It never materialised; it was replaced by a release that listed the four decisions made.
The couple of diligent reporters who managed to buttonhole Cameron afterwards were told they were restricted to two questions.
“We deliberated on all the matters. We’ve come up with a few positions that we are going to take forward,” was all they got – and the sheet of paper with the meeting’s decisions, another of which was to “request a meeting with the BCCI”.
Either Cameron and his advisers believed it would serve no purpose to further aggravate their powerful, indignant hosts by responding to the certainty of difficult questions or, more likely, he wasn’t prepared to face them from the pack of relentless journalists.
The likely queries were obvious.
Would he like to comment on the BCCI’s revelation that it had received his email at 3 a.m. (India time) on October 8, 11 hours before the scheduled start of the first One-Day International (ODI) in Kochi, stating that he was withdrawing the team from the tour?
Was he aware that, as the BCCI timeline put it, its secretary Sanjay Patel “rushed to Kochi and spoke to the players and managed to get on with the match”?
Did his position not dictate that he should have undertaken such a mission himself, as soon as he could get to India? As it was, neither he nor any of his directors made the trip, even as the conflict became increasingly more impassioned.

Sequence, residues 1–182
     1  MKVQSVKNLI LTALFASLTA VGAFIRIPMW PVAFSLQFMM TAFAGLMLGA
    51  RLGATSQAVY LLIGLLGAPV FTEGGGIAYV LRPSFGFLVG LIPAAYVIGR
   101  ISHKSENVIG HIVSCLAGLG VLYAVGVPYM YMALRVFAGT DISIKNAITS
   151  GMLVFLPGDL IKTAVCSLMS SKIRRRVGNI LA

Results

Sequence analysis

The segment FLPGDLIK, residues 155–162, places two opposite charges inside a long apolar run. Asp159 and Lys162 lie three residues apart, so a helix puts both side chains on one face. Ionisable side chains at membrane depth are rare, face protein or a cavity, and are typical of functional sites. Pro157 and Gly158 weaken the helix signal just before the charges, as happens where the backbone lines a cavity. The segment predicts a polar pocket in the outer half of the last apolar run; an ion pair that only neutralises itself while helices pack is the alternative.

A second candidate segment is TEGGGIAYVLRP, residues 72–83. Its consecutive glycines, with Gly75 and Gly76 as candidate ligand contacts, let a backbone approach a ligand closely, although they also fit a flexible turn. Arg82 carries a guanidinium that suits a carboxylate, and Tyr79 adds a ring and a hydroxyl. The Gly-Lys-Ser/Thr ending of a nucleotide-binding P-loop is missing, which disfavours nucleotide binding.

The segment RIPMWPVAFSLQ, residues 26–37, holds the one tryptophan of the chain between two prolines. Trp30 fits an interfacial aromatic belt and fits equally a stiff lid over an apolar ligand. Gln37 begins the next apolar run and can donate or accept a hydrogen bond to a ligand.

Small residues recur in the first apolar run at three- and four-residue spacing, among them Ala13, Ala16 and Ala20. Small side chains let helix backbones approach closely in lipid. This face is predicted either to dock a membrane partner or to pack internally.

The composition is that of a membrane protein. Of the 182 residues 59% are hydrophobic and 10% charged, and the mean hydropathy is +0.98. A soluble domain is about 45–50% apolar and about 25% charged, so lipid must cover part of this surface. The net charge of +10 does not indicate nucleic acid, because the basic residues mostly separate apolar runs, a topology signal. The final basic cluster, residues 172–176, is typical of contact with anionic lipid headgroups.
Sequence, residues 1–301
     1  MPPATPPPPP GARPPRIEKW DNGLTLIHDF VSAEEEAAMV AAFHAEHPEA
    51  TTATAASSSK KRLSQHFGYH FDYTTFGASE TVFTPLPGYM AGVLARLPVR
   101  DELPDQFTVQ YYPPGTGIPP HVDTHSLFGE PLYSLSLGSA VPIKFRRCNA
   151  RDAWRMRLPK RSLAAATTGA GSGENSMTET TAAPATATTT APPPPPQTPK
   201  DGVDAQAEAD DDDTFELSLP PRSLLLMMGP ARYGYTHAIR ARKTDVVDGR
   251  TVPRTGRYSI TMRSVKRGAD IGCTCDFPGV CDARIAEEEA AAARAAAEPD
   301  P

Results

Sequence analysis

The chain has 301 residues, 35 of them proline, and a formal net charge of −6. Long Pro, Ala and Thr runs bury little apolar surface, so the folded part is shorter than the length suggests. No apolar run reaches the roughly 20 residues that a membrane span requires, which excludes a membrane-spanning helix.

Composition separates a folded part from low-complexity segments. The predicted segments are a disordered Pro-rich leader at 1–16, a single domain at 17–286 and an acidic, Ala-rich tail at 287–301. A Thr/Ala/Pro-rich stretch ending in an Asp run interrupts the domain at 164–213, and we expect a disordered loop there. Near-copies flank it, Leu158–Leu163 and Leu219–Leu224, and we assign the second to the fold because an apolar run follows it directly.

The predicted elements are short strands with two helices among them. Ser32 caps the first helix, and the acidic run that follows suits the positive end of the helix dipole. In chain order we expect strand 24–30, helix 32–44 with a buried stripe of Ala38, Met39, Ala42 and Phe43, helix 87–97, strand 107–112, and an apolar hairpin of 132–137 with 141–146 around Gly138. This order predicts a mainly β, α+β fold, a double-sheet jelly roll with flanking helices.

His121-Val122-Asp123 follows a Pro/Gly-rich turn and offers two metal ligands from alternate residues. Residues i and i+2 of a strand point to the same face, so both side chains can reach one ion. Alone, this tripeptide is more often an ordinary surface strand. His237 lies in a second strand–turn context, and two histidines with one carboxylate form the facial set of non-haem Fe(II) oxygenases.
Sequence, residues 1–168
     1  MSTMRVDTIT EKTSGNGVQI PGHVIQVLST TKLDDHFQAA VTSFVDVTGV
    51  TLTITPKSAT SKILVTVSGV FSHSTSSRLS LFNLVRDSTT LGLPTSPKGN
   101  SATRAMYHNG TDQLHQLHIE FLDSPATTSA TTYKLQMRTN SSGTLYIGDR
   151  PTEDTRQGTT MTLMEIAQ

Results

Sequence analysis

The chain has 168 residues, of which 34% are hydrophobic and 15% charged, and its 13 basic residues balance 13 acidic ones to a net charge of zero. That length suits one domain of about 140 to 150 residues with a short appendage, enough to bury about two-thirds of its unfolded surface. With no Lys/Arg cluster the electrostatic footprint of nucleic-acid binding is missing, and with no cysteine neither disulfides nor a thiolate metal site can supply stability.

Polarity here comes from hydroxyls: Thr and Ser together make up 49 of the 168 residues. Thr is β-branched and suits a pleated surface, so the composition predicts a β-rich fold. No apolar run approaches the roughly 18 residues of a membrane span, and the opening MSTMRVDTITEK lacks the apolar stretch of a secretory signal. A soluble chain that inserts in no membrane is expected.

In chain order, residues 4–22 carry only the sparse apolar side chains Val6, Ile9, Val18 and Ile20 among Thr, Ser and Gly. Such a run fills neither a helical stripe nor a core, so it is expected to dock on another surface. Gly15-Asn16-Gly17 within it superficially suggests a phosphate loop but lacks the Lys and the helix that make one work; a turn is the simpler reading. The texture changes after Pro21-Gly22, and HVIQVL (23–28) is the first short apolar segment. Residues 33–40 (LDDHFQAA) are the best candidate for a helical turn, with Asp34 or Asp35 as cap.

Cameron might have commented on Patel’s assertion that he asked him in Dubai on October 12 whether the rest of the tour would proceed and the claim that he replied he would give an answer by close of the business day, October 15?
The BCCI maintained that it took an emailed reminder from Patel to prompt him to reply, at 3 a.m. (India time) on October 17, that “the WICB are not able to provide any assurances or guarantees”. The correspondence said it would “communicate its position by the end of the day on October 17”. Was that so?
Most astonishing of all the BCCI’s assertions was that the first email it received cancelling the tour came at 10 a.m. on October 17 from Richard Pybus, the director of cricket and an employee of the board, the reason for whose presence in India was obscure.